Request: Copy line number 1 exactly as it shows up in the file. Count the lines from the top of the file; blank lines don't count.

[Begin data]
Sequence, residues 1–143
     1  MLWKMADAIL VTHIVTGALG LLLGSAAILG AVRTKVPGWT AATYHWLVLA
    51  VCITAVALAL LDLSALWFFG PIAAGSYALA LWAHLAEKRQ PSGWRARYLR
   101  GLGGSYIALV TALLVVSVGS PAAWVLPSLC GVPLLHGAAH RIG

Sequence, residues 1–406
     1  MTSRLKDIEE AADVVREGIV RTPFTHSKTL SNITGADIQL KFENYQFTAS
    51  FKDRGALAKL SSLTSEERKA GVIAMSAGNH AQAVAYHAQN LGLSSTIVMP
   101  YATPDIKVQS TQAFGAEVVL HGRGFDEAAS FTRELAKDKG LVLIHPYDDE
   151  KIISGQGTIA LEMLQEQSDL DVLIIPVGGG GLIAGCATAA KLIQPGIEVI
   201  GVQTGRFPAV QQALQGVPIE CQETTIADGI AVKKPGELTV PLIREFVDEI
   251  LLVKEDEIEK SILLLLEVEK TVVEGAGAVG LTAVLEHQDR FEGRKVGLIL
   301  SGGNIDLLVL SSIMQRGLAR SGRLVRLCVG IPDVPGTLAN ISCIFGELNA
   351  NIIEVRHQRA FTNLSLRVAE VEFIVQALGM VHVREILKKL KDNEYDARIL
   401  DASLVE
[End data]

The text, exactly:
Sequence, residues 1–143